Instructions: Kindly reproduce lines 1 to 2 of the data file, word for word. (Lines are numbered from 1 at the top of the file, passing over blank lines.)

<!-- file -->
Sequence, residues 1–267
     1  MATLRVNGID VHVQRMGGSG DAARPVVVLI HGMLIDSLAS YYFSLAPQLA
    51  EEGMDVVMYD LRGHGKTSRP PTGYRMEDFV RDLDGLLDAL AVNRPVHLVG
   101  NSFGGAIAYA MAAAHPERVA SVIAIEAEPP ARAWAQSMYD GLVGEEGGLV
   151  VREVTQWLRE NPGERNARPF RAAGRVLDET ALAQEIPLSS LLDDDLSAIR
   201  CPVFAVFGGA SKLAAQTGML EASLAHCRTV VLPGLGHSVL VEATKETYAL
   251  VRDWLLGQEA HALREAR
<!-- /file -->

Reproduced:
Sequence, residues 1–267
     1  MATLRVNGID VHVQRMGGSG DAARPVVVLI HGMLIDSLAS YYFSLAPQLA